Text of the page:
CULTURE

Preview This Fall’s Must-See Art Shows, Events, and More

Not everything feels “normal” just yet, but the fully packed September arts calendar certainly does. And the spate of shows like a restaging of a monumental Diane Arbus retrospective and screening of Meriem Bennani’s delightfully kooky lizard videos opening in the weeks to come are just the beginning: October will see Alex Katz mark a career milestone with a takeover of the Guggenheim Museum, Paris host its first-ever Art Basel, and so much more. Here, a guide to all the goings-on you’d do well not to miss.

“Objects of Desire” at LACMA

Sandy Skoglund, Luncheon Meat on a Counter, 1978.

© Sandy Skoglund, digital image courtesy of the artist

Fine art and commercial photography have long existed in tandem; in fact, the latter made Andy Warhol into who he is today. On September 4, the Los Angeles County Museum of Art will delve into how photo-based artists such as Barbara Kruger, Hank Willis Thomas, Roe Ethridge, and Sarah Charlesworth have manipulated the visual language of consumerism in “Objects of Desire: Photography and the Language of Advertising.” The “Stock Photography” and “Humor” sections promise to be particularly amusing.

Diane Arbus @ David Zwirner Gallery

Diane Arbus, Woman in a Rose Hat, N.Y.C., 1966.

© The Estate of Diane Arbus

A half century after Diane Arbus’s monumental retrospective at the Museum of Modern Art, David Zwirner and Fraenkel Gallery are reviving the exhibition by reuniting all 113 photographs on its checklist. Opening on September 14, “cataclysm. The 1972 Diane Arbus Retrospective Revisited” is a look back at how one single museum showing proved the public that photography merits the status of fine art.

Sol LeWitt @ Paula Cooper

Installation view of Sol LeWitt drawing Wall Drawing #136 at Chiostro di San Nicolò, Spoleto, Italy, 1972.

Courtesy of Paula Cooper Gallery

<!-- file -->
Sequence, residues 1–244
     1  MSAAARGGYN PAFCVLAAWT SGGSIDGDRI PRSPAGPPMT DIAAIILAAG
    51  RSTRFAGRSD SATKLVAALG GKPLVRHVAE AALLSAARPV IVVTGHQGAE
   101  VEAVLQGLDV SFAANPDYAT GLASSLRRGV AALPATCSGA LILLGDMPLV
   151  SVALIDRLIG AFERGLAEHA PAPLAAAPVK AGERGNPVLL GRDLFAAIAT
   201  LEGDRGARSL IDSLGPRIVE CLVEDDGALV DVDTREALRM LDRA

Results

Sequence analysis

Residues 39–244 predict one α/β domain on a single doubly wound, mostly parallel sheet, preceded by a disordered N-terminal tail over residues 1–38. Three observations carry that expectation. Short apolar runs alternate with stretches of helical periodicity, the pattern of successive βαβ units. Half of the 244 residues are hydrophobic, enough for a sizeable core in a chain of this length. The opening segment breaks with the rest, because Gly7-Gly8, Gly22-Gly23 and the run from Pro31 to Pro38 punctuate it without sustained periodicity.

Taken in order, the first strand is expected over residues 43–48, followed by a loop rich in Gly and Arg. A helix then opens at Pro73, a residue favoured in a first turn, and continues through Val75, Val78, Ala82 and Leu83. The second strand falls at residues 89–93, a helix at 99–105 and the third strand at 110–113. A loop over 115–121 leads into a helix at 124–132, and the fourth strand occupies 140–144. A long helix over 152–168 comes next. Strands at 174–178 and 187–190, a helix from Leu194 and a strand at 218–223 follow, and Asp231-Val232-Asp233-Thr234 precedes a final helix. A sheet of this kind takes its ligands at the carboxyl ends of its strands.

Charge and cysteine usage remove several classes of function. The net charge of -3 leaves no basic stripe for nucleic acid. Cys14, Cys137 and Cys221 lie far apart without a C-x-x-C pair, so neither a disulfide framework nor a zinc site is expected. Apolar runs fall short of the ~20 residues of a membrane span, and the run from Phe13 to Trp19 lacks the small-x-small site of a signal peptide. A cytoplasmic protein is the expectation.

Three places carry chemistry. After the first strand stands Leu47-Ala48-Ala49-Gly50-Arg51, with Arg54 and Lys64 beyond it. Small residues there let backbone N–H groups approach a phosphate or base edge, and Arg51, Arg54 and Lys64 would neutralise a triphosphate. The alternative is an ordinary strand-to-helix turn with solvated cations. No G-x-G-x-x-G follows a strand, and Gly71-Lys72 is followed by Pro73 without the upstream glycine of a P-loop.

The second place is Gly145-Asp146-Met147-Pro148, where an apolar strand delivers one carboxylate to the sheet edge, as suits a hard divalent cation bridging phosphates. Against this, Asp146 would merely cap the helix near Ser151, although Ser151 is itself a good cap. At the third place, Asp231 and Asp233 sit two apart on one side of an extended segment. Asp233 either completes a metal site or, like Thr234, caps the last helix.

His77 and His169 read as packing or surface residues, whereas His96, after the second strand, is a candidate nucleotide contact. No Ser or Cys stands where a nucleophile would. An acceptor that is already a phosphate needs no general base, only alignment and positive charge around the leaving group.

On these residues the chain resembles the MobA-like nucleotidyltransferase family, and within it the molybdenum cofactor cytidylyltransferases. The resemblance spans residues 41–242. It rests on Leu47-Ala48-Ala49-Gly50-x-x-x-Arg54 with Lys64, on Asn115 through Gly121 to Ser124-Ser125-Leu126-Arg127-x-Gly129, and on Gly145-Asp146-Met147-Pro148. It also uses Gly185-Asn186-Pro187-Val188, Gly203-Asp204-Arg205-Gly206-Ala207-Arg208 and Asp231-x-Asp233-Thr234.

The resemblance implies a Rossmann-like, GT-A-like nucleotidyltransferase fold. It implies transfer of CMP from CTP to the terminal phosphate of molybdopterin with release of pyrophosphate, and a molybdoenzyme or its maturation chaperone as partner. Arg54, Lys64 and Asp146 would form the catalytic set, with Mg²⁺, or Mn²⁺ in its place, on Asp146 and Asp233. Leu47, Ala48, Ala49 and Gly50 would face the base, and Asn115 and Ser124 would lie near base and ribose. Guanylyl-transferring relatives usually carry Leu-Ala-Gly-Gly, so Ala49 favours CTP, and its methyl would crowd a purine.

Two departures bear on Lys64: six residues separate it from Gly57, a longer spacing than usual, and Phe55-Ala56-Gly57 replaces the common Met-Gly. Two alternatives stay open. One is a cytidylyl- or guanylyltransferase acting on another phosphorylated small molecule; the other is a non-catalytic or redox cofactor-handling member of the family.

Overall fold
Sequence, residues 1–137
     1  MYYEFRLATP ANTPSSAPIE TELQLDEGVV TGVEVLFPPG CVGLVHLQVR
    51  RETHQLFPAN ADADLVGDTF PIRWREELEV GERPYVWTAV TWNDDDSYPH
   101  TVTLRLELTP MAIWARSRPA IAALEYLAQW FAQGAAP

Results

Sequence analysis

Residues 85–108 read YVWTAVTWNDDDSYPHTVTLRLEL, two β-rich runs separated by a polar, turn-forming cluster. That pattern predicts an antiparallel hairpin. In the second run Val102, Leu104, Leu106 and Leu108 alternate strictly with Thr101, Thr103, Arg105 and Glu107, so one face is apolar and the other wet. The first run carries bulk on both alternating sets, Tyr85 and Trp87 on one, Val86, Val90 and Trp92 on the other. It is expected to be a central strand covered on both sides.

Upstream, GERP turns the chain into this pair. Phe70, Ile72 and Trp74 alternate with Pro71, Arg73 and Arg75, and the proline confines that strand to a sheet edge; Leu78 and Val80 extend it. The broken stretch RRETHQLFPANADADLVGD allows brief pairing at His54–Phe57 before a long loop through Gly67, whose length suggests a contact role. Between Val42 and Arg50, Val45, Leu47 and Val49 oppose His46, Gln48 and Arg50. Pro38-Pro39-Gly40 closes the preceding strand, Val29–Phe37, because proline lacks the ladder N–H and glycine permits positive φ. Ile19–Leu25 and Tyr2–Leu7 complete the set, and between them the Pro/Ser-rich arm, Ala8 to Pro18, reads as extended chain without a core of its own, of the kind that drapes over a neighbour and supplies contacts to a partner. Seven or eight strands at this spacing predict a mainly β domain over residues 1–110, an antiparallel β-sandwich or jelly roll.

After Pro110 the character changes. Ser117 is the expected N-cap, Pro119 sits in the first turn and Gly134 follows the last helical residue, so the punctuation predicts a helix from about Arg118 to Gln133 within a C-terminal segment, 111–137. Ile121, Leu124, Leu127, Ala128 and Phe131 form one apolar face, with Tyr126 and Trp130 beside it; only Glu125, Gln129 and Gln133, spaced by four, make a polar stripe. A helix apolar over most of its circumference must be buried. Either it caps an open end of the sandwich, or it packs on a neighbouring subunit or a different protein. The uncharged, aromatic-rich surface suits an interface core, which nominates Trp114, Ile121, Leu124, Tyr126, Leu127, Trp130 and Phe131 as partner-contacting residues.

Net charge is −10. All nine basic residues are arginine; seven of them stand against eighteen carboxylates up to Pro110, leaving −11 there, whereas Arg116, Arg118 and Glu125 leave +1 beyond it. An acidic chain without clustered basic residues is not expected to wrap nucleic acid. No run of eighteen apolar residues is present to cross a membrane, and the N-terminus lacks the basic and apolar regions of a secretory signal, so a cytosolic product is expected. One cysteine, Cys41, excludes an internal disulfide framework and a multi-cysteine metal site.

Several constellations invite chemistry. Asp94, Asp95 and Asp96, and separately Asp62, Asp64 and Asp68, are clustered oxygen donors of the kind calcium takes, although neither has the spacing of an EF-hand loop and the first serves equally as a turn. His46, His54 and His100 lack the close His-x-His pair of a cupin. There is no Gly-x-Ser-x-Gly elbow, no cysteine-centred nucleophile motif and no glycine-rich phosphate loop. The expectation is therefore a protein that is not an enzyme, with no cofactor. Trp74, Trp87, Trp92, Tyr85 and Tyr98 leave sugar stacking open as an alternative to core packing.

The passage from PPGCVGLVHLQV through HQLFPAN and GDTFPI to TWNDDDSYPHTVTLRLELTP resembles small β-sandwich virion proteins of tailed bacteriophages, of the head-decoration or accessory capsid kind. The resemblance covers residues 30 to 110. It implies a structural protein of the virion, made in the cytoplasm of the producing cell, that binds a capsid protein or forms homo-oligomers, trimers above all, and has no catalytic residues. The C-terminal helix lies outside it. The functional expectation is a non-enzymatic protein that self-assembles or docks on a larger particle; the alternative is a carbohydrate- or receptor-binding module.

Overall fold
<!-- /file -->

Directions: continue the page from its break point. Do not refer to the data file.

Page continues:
Sol LeWitt’s monumentally scaled wall drawings and structures are just something you have to experience in person. Paula Cooper first introduced them to the world in 1968, and on September 9, she’s set to put them back on the map by devoting her two New York galleries to the late conceptual artist’s colossal works.

Solange @ the New York City Ballet

Photo by Rahim Fortune

Listening to Solange Knowles’s new music won’t be as easy as pulling up Spotify. But it’ll no doubt be worth the trek to the New York City Ballet to hear the score it’s commissioned to accompany Gianna Reisen’s choreography. Premiering at the NYCB’s annual fashion gala on September 28, the performances will continue throughout October and start up again in May of 2023.

Meriem Bennani at the Whitney Museum of American Art

We’re all beyond tired of talking about life amid lockdown. And yet, trust me: Meriem Bennani will make you want to revisit that era again and again and again. At the time, most artists were participating in what quickly became known as OVRs—“online viewing rooms,” which are exactly as static compared to IRL showings as they sound. The Moroccan artist did something entirely unlike anyone else: She translated the public’s uncomfortable feelings into surreal dispatches from a duo of amphibians we hope to see much, much more of after “2 Lizards” begins its four-month run at the Whitney Museum on September 30.

Just Above Midtown @ the MoMA

David Hammons (left) and Suzette Wright (center) at the Body Print-In held in conjunction with Hammons’s exhibition Greasy Bags and Barbeque Bones, Philip Yenawine’s home, 1975.

Photo by Jeff Morgan. Courtesy David Hammons; collection Linda Goode Bryant, New York